Restaurant Trends: Pick-Up Is The New Delivery

Value, pick-up instead of delivery, new flavors combined with classic tastes, social media use and small indulgences emerge as the key flavor and trend projections for restaurants in the latest report by global foodservice and ingredient source Lyons Magnus.

As food prices, both grocery and in-restaurant, continue to rise, customers are seeking more bang for their buck, according to the report.

So the high costs of third-party delivery apps may deter some customers. The report states that “mobile, app-based ordering and pick-up (will) increasingly steal share from third-party home delivery in 2024.” Through pick-up, consumers benefit by skipping high delivery and other service fees as well as driver tips. Operators still benefit from a “reduction in overall costs and providing a better value proposition to the customer.”



As 2024 begins, “consumers who are uncertain about the future of the economy will be dining out less, eating in more, and exploring more channels across the food category." These new channels may include alternative sources like convenience stores and more value-driven dining establishments. Operators cautious about prices increases can focus on marketing creative new meal deals, bundles and value offers, the report suggests.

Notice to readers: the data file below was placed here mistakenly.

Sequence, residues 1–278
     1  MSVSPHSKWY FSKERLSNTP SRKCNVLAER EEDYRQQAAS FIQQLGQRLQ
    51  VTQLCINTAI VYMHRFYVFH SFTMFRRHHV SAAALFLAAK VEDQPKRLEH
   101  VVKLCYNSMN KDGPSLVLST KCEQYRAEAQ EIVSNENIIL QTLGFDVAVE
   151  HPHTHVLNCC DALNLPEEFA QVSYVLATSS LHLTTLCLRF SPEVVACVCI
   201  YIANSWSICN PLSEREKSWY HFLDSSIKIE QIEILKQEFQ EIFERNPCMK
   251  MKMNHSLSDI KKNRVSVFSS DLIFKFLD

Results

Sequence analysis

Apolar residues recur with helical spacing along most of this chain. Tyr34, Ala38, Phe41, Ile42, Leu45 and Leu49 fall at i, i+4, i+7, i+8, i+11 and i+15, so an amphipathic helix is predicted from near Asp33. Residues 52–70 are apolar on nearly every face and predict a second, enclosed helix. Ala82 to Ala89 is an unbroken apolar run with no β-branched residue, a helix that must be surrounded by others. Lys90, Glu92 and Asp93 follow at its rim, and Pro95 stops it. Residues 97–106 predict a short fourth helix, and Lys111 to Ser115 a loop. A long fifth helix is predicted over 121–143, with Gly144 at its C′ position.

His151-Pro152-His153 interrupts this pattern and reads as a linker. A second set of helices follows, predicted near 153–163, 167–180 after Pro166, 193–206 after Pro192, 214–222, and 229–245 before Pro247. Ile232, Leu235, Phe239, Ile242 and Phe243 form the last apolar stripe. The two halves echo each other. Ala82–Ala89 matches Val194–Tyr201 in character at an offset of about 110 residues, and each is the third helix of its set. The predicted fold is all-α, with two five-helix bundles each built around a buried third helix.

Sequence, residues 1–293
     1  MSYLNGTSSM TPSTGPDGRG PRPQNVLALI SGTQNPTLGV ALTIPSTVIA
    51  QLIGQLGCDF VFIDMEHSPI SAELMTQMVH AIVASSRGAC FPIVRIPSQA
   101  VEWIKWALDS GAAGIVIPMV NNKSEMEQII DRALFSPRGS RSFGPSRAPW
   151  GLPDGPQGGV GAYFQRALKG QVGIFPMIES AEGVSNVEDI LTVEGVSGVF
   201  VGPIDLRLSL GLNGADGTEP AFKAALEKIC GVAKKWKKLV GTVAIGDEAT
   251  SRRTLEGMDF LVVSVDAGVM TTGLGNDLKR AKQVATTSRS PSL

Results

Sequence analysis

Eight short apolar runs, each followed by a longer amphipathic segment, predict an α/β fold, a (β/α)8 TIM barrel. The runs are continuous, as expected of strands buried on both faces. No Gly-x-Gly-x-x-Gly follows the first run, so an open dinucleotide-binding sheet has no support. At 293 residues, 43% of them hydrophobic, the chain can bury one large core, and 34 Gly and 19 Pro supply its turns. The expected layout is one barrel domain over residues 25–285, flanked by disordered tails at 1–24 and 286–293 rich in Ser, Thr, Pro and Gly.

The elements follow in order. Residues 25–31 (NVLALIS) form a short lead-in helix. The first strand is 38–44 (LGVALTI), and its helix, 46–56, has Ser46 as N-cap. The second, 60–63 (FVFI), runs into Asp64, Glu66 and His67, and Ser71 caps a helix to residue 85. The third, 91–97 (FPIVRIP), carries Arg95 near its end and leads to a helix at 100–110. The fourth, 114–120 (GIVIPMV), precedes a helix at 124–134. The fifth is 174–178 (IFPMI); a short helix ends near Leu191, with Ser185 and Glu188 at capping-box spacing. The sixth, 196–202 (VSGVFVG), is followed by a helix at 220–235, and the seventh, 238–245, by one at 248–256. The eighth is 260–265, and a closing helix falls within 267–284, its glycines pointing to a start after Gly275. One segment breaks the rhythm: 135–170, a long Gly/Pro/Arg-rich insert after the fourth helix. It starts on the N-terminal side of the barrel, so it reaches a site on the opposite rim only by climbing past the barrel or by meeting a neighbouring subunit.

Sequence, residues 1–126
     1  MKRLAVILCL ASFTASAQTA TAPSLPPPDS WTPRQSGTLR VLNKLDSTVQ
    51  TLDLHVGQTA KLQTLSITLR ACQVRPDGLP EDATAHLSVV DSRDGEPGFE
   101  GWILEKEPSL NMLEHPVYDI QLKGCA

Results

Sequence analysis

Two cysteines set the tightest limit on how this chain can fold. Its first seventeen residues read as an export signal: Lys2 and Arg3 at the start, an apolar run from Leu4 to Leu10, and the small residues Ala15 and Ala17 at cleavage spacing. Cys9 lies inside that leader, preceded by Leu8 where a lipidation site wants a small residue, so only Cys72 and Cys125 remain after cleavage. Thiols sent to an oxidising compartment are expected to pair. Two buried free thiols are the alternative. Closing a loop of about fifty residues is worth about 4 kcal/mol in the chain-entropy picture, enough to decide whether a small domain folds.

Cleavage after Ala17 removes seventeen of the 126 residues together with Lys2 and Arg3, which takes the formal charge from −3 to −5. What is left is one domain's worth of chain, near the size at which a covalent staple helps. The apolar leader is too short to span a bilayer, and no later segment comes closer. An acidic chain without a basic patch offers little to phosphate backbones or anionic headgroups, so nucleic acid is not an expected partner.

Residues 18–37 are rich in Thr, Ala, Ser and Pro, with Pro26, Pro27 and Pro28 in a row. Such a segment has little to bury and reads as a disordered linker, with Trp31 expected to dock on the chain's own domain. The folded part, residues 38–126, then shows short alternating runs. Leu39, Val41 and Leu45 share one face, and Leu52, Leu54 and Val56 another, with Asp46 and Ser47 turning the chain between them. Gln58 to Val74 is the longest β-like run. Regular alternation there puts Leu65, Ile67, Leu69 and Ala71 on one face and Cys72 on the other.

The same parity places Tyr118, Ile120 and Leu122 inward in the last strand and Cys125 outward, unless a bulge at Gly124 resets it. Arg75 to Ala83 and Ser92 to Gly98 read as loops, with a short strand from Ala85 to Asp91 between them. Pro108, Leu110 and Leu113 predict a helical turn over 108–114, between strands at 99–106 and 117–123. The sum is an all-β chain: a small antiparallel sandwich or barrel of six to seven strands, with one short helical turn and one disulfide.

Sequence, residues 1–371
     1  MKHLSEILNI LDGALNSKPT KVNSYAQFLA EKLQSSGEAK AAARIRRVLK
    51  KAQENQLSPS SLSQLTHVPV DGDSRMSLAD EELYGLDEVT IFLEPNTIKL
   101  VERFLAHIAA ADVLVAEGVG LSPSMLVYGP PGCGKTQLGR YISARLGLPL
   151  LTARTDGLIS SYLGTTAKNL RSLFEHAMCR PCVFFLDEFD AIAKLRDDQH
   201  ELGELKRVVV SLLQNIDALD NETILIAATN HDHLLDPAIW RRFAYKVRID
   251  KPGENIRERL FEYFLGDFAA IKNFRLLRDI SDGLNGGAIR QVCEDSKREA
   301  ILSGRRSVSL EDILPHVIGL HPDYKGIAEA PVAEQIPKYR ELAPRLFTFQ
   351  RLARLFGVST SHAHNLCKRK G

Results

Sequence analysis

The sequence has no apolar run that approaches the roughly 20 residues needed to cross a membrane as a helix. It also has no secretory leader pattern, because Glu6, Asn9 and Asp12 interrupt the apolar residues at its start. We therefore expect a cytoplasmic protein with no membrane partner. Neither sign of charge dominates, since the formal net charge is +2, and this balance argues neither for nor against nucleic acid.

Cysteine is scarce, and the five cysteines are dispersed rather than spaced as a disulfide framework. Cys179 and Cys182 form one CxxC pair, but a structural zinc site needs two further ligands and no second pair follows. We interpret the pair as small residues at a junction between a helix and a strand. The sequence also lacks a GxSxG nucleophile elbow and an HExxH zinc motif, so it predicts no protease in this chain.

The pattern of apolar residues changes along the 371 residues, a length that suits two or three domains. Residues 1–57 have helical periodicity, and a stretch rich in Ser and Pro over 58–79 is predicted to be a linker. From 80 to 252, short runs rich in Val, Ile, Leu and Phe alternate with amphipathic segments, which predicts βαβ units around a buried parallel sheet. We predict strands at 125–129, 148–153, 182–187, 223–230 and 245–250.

While many customers may seek more comfort food during the early part of 2024, the definition of such foods has expanded to include more innovative tastes. For example, classics like meatloaf are being prepared with new flavors like Korean gochujang glaze, along with a birria macaroni and cheese -- all part of the trend of combining the new with the old. The trend continues for beverages and deserts, introducing twists on classics like mochi ice cream and old-fashioned lemonade made with yuzu, an East Asian citrus fruit.

Customers may seek value, but that doesn’t mean they don’t want a little indulgence as well. The report predicts the rise of “mini-treats,” defined as “self-indulgent, bite-sizes, low-cost” options like tiny milkshakes and two-bite brownies.

And lastly, use of social media to seek out restaurant recommendations is only on the upswing. Sixty-three percent of consumers reported they used social media to find restaurant and food choices. Thus restaurants are putting more marketing dollars toward social media, digital marketing and producing attractive food photography to gain customers.

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